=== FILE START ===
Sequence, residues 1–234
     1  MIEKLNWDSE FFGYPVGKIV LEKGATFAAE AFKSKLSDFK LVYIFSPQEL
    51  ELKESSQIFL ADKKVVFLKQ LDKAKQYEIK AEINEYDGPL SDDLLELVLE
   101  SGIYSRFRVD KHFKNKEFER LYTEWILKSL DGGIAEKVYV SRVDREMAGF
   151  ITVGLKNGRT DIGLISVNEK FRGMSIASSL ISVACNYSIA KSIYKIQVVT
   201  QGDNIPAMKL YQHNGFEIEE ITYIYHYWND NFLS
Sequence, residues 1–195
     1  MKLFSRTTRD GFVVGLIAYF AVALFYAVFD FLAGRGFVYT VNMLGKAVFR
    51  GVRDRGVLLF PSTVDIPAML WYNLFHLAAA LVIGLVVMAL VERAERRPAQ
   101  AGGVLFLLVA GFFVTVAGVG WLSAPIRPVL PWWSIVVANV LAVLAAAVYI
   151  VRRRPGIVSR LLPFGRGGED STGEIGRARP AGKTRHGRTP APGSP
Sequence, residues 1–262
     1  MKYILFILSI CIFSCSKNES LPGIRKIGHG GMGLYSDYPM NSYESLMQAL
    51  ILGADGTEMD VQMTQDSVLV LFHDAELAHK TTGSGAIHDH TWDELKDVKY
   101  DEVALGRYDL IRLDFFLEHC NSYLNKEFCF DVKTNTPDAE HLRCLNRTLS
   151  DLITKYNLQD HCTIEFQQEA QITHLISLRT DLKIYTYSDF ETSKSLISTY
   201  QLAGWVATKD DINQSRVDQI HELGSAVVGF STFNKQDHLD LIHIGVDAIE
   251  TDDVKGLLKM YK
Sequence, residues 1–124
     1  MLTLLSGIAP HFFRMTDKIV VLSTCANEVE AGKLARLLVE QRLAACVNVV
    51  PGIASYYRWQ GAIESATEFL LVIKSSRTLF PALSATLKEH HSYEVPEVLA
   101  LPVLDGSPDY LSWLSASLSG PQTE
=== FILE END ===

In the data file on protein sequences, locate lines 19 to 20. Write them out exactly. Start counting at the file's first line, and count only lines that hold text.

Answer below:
Sequence, residues 1–124
     1  MLTLLSGIAP HFFRMTDKIV VLSTCANEVE AGKLARLLVE QRLAACVNVV